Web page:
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Former Surgeon General: Legalize Marijuana; Decrim Not Good Enough

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A physician who once served at the U.S.’s top medical official is speaking out for the legalization of marijuana, saying that mere decriminalization is not good enough.

“The war on marijuana exacerbates poverty, which is strongly correlated with— among other problems—reduced access to health care. The unjust prohibition of marijuana has done more damage to public health than has marijuana itself,” Dr. Joycelyn Elders, who served as U.S. surgeon general during the Clinton administration, wrote in a new article in the November issue of the American Journal of Public Health.

But simply ending arrests and incarceration for cannabis possession doesn’t fully address the harms of prohibition, Elders says.

“Times are changing. In 2017, even physicians who oppose legalization generally believe that marijuana should be decriminalized, reducing penalties for users while keeping the drug illegal,” she wrote. “Although decriminalization is certainly a step in the right direction, [it is] an inadequate substitute for legalization and regulation for a number of reasons.”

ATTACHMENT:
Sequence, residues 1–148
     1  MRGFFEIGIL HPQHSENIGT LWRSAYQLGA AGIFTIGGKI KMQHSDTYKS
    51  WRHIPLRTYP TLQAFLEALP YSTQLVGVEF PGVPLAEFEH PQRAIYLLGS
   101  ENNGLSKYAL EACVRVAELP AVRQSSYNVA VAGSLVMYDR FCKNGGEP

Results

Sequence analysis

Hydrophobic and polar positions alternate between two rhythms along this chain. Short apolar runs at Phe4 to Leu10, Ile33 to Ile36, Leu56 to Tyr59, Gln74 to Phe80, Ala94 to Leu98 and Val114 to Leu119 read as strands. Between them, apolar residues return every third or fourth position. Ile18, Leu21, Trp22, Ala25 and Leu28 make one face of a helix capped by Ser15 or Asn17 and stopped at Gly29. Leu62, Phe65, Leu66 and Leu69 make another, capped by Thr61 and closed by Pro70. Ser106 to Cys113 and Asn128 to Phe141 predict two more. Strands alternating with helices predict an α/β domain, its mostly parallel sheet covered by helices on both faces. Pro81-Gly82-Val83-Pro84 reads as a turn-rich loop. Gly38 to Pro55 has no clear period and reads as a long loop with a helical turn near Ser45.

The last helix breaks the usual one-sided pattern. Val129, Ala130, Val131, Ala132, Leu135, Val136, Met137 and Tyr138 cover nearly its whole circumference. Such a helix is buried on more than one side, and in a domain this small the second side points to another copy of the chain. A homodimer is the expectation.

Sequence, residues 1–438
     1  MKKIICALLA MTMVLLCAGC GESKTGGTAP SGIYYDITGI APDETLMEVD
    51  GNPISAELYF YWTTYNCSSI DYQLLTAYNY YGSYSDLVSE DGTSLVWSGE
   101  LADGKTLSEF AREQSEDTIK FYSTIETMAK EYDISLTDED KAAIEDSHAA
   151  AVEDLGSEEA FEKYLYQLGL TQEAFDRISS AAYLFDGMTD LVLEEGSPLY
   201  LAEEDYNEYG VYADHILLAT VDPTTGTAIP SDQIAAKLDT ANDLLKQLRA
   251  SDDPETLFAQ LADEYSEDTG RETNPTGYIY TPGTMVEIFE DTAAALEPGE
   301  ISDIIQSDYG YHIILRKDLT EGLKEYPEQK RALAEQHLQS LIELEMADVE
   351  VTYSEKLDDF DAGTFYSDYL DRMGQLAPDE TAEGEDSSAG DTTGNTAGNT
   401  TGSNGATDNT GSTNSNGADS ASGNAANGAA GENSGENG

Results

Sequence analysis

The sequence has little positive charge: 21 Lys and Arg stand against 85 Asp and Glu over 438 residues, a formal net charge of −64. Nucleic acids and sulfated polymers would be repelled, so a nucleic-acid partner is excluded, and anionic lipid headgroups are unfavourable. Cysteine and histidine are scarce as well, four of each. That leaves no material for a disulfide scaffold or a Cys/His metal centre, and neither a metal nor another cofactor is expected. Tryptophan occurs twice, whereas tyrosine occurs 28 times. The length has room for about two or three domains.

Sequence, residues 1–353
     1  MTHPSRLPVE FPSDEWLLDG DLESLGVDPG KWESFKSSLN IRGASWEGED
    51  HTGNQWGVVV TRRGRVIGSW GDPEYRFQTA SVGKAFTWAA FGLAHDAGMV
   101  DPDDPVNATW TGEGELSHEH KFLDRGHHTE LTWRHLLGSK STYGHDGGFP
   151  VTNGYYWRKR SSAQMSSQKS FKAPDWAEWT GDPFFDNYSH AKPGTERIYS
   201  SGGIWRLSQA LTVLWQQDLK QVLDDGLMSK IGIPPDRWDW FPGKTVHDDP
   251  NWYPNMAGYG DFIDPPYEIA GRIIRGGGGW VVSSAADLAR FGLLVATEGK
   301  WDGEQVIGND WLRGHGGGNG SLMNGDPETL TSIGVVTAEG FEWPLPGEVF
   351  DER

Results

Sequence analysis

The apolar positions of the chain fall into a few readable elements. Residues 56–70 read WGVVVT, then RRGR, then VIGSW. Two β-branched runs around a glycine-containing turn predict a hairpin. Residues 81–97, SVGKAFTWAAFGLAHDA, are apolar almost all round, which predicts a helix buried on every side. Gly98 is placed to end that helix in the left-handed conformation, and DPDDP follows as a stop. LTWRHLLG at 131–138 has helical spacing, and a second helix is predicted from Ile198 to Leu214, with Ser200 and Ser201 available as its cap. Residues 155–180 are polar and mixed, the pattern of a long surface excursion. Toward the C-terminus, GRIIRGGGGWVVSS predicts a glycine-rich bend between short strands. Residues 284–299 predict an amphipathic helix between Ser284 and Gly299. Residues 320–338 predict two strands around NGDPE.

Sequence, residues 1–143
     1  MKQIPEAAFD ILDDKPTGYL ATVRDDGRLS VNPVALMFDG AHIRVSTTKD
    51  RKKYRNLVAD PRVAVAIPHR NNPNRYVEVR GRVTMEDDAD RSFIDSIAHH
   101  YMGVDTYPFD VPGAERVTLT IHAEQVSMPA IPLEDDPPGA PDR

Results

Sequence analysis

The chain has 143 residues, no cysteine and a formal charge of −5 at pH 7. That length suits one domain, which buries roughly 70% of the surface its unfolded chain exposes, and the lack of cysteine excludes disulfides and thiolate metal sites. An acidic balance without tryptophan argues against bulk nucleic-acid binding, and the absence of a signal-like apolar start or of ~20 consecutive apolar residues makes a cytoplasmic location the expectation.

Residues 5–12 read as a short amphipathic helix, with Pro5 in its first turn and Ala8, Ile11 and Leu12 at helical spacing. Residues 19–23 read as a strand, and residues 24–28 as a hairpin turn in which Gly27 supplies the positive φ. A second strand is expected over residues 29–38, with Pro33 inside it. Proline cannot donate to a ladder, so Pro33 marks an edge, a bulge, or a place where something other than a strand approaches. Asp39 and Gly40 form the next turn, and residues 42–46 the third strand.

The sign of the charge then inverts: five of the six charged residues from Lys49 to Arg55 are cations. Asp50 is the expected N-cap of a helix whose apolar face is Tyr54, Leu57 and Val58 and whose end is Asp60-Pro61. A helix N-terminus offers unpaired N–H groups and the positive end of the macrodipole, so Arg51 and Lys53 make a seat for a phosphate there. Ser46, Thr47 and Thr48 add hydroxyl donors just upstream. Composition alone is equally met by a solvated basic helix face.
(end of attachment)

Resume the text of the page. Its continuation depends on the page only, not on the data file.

Elders co-authored the new piece with Dr. David L. Nathan and H. Westley Clark, a former director of the Center for Substance Abuse Treatment at the Substance Abuse and Mental Health Services Administration. Together, they are members of the advocacy group Doctors for Cannabis Regulation.

“Decriminalization does not empower the government to regulate product labeling and purity, which leaves marijuana vulnerable to contamination and adulteration,” the doctors wrote. “This also renders consumers unable to judge the potency of marijuana, which is like drinking alcohol without knowing its strength. More- over, where marijuana is merely decriminalized, the point of sale remains in the hands of drug dealers, who will sell marijuana— as well as more dangerous drugs—to children.”

This isn’t the first time Elders has spoken up about marijuana and drug law reform.

In 1993, while serving as surgeon general, she advocated that the country should seriously consider legalizing drugs. “I do feel we’d markedly reduce our crime rate if drugs were legalized,” she said. “I don’t know all the ramifications, but I do feel we need to do some studies.”

While acknowledging that state legalization “has not been perfect,” Elders and her coauthors ague that “it is far better than the prohibition it replaced, and the worst fears of opponents have not materialized.”